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Bando Kamezo Kabuki with Sword
Bando Kamezo Kabuki with Sword
The world portrayed by the art of Japanese printing can be captured under one romantic, by origin Buddhist, name - ukiyo-e, or the floating world. It's a world of brief amusement and pleasure - of daily life like it took place between the 17th and 19th century in theatres, on the street and during parties and festivals. Before the ukiyo-e period Japanese art was mainly about images which pleased the Japanese feudal lords - grand, colorful and elegant works of art which portrayed courtly life, made by artists who belonged to the traditional Kano and Tosa school. Little could be seen of daily life of the Japanese people. Every now and then one could catch a glimpse of the forthcoming ukiyo-e period which would portray common life in all its glory, with a leading part put aside for actors and courtesans. This changed when ukiyo-e made its entrance.

After a turbulent period of political turmoil, the Tokugawa period commenced - a period which would herald a strict, dictatorial regime by the so-called Shoguns, who belonged to the Tokugawa family. To control the population, social life was restricted and entertainment for the common Japanese was limited to parties and festivals. The artists belonging to the traditional schools like the Kano and Tosa school adapted to this new era and woodblock prints emerged presenting every day life. Soon these woodblock prints became very popular and the Tokugawa period counts as a milestone for the art of Japanese printing.

Initially a print was a cheap derivative of the traditional art of painting. Due to advancing woodblock print techniques the art of wood block prints developed into a full and popular art form during the 18th century. To make a woodblock print the artist worked closely together with various craftsmen. He drew his design on a translucent piece of paper, the hanshita-e. The paper was dampened and carefully traced by the copyist onto a plate of cherry wood. The engraver carefully carved out the fine graved cherry wood, along the lines of the design, removing everything but the design lines. He could not afford to make a simple mistake, because it was irretrievable. However, his work was more than purely that of a craftsman. He was expected to revise the sometimes rough sketch of the artist into fine, fluent lines in relief in the wood. Then the artist indicated which planes should get which color and a plate was cut per color. The printer prepared and cut special paper which was made from fiber of the mulberry tree. He first printed the color planes and then meticulously the line drawing. For the paint he used materials of vegetable origin. When we look at the wood block prints now we should realize that many of the original colors have faded over the years. The publisher was the organizational and commercial keyman during the process. He gave the artist the assignment and paid the craftsmen. Sometimes the prints were put onto the market by the thousands. Because of this they became affordable, which obviously contributed to their large popularity. With this in mind it seems unjust that for a long time only the name of the artist, sometimes the name of the engraver and only seldom the publisher, was mentioned on the print.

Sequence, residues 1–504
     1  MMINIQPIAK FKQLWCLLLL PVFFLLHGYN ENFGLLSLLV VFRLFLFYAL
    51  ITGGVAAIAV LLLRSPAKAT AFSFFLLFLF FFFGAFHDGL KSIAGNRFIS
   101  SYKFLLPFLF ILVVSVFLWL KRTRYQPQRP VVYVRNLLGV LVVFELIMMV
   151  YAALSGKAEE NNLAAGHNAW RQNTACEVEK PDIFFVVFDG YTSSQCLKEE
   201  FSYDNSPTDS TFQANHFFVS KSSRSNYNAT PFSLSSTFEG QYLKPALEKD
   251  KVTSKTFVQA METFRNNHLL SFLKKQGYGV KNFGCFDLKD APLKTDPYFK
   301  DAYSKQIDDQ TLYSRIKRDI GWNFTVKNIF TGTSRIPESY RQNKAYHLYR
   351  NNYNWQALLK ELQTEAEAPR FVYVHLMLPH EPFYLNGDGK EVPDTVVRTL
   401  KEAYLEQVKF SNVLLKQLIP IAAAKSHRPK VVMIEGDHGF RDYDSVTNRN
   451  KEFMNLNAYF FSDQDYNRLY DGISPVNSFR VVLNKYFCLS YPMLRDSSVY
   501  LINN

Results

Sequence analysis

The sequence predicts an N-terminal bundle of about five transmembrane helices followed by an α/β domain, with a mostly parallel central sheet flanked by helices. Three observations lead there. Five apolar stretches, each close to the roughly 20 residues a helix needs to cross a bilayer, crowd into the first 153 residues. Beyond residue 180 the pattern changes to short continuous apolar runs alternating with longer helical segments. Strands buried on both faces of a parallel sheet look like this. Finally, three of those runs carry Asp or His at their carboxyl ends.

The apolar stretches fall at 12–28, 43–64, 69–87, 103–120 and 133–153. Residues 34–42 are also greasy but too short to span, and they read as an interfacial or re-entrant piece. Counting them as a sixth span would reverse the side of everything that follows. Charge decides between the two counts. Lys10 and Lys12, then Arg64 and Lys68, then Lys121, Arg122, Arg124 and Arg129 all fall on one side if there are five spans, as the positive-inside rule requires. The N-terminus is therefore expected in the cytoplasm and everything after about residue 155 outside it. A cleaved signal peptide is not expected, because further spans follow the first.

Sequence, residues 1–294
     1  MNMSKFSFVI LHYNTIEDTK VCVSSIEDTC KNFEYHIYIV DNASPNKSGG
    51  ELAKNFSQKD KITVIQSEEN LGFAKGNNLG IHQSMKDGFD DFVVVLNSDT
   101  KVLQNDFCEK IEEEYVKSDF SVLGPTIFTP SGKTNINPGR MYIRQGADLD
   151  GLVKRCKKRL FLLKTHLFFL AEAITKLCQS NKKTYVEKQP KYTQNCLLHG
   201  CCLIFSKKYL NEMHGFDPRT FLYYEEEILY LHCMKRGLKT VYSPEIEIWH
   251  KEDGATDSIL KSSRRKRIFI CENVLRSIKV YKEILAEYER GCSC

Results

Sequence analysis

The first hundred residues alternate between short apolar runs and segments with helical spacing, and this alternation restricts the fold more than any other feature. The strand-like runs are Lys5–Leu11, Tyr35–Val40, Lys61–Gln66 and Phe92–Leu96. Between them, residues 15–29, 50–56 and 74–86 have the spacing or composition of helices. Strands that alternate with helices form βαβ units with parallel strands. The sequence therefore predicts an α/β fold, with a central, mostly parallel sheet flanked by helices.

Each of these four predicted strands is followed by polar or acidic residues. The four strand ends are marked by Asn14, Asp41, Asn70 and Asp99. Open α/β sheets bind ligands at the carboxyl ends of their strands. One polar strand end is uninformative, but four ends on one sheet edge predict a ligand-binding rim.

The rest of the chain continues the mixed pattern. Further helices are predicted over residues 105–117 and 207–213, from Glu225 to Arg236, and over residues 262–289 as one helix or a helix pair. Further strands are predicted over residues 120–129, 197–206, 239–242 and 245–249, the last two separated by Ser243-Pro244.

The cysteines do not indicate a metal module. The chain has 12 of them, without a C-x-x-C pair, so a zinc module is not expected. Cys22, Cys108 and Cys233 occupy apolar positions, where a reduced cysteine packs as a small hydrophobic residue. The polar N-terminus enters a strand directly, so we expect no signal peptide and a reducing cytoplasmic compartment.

About the artist: Kunsinada Utagawa (1786-1865) During his lifetime Kunisada was considered one of the greatest ukyio-e artists. As a son of a rich merchant from Edo, he learned his trade in the prominent Utagawa Toyokuni studios. After publication of his first portraits of Kabuki actors in 1808 his fame rose to great heights. Commercially he became the most successful wood block print artist ever. The Kabuki Theatre From the beginning of the 17th century, Kabuki is a prominent feature in the nightlife of the big cities. Initially the rebellious plays have a strong erotic atmosphere. However, in 1629 the leaders banished the women and later, from 1652 onwards, the young men were also banished from the stage. Because of this more room was created for the story itself. The performance could last a full day, beginning with a heroic history play, followed by a dramatic, sometimes ironic play about daily life. Dramas about an impossible love, ending with a double suicide were very popular. There was a lot of contact between players and audience. A lot of shouting and stamping went on and the actors were spurred on loudly. Bando Kamezo The Kabuki actors were national heroes, although they belonged to the hinin, the lowest class. They were considered as idols by the audience. Consequently, the portraits of the actors (which were also on sale at the theatre) sold out fast. This Kabuki figurine, representing the actor, Bando Kamezo.

Collectible quality, resin with hand-painted color details, matte and glossy finish.

Full color card with image of original artwork. Description card about artist and artwork. Both cards are in four languages.

Dimensions : 7"L x 4.5"D x 9"H

Item #MWKUN2

  • $78.00

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